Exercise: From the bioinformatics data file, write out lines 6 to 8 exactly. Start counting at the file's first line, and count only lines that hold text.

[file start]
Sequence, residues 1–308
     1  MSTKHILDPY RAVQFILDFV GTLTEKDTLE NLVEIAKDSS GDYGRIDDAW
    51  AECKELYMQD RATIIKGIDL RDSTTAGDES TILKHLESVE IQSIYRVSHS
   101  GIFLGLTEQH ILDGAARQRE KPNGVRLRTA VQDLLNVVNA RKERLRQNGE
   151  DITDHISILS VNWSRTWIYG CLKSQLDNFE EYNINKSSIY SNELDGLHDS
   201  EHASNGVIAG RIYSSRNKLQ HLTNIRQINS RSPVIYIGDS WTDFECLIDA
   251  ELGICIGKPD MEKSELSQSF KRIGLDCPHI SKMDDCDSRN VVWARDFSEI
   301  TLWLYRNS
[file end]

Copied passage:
   201  EHASNGVIAG RIYSSRNKLQ HLTNIRQINS RSPVIYIGDS WTDFECLIDA
   251  ELGICIGKPD MEKSELSQSF KRIGLDCPHI SKMDDCDSRN VVWARDFSEI
   301  TLWLYRNS